The sexual revolution and the women’s movement pushed the Mann Act even more out of step with American society. By the late 1960s, prosecutors were bringing fewer than 100 cases a year, but the Mann Act stayed on the books until 1986, when Congress amended the old statute and wove the update into the Child Sexual Abuse and Pornography Act. The goal, said sponsor Rep. William J. Hughes (D-New Jersey) was “to modernize the offenses and to make them gender neutral.” Vague terms like “debauchery” and “immoral purpose” got the boot, and criminality no longer hinged on any one person’s definition of morality. The act now covers the transport of males and females. Still known informally as the Mann Act, 18 USC §2421 now applies only to interstate travel for the purpose of prostitution or “any sexual activity for which any person can be charged with a criminal offense.” No longer need consenting adults engaging in non-commercial, non-criminal sex fear the Mann Act, which now focuses on its original purpose, human trafficking, thanks to revisions made decades too late for the amateur philanderers arrested, prosecuted, and terrorized under a statute never intended for them in the first place.


Class Notes

Jamaica High School, in Queens, was once the largest high school in the United States. For most of its history, it occupied a majestic Georgian Revival building on Gothic Drive, designed in the nineteen-twenties by William H. Gompert, who had begun his career at McKim, Mead & White. With east and west wings, granite columns, and an elaborate bell tower, the building looked like a state capitol that had been dropped into the middle of a residential neighborhood it sat on the crest of a hill so imposing that planners would have been guilty of pretense had it housed anything other than a public institution.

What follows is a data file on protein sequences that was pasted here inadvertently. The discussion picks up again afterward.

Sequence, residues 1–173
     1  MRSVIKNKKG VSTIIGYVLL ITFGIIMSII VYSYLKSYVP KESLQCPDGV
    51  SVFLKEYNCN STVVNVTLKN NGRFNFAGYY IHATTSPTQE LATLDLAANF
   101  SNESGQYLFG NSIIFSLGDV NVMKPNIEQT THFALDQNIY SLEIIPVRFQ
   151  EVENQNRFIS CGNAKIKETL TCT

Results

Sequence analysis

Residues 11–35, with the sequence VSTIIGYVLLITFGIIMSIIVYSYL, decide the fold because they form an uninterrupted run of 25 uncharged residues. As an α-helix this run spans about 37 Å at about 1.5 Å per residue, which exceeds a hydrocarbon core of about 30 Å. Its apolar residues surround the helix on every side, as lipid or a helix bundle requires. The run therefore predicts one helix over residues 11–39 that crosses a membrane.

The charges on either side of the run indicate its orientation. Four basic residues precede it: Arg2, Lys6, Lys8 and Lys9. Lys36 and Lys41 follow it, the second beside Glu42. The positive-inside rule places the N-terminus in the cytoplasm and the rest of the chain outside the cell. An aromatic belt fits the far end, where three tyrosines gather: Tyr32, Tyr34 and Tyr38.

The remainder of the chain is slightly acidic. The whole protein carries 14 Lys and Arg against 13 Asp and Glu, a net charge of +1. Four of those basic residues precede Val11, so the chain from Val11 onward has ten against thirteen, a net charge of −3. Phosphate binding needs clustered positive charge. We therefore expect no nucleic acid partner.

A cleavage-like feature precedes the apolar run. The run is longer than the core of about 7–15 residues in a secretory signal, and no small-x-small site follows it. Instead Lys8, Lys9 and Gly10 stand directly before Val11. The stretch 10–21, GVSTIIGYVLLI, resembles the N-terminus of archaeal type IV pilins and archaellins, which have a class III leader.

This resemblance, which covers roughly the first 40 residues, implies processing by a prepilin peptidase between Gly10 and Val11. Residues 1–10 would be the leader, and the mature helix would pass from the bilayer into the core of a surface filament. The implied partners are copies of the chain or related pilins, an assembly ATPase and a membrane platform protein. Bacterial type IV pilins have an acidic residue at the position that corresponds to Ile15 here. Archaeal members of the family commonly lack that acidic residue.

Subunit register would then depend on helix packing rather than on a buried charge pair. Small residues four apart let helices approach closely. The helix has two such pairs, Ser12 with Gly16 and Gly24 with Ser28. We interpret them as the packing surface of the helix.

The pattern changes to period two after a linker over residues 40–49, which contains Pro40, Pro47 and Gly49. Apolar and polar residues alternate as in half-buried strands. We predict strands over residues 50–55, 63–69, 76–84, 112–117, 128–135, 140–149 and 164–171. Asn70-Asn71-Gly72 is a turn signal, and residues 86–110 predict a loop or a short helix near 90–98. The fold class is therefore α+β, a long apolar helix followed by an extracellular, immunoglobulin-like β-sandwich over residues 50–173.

One evening in June of last year, Jamaica students wearing red and blue gowns gathered with their families and teachers and with members of the school staff at Antun’s, a catering hall in Queens Village, for the senior-class commencement ceremony. Accompanying the festivities was the traditional graduation boilerplate—about life transitions and rising to new challenges—but it carried a particular significance on this occasion, because it was as applicable to the faculty and the staff, some of whom had been at the school for nearly three decades, as it was to the students. After a hundred and twenty-two years, Jamaica High School was closing the class of 2014, which had just twenty-four members, would be the last.

The New York City Department of Education had announced the closure three years earlier, citing persistent violence and a graduation rate of around fifty per cent. Accordingly, the department had begun to “co-locate” four newly created “small schools” in the old building. Advocates argue that small schools can best resolve many of the ills associated with urban education, but the reorganization produced a logistical problem. The schools tended to operate like siblings competing for bathroom time. Access to the building’s communal spaces was at a premium. Unable to secure the auditorium for a graduating class of two dozen, Jamaica High School found itself, both figuratively and literally, pushed out.

Underscoring the indignities that attended the school’s last days was a difficult irony: for much of its time, Jamaica was a gemstone of the city’s public-education system. In 1981, the schools chancellor, Frank Macchiarola, decided to take on the additional role of an interim high-school principal, in order to better appreciate the daily demands of school administration. He chose Jamaica, and was roundly criticized for picking such an easy school to lead. Four years later, the U.S. Department of Education named it one of the most outstanding public secondary schools in the nation. Alumni include Stephen Jay Gould, Attorney General John Mitchell, Representative Sheila Jackson Lee, Walter O’Malley, Paul Bowles, and three winners of the Pulitzer Prize: Gunther Schuller, Art Buchwald, and Alan Dugan. Bob Beamon, who set a world record for the long jump in the 1968 Olympics, graduated with the class of ’65. The school’s closure felt less like the shuttering of a perennial emblem of stagnation than like the erasure of a once great institution that had somehow ceased to be so.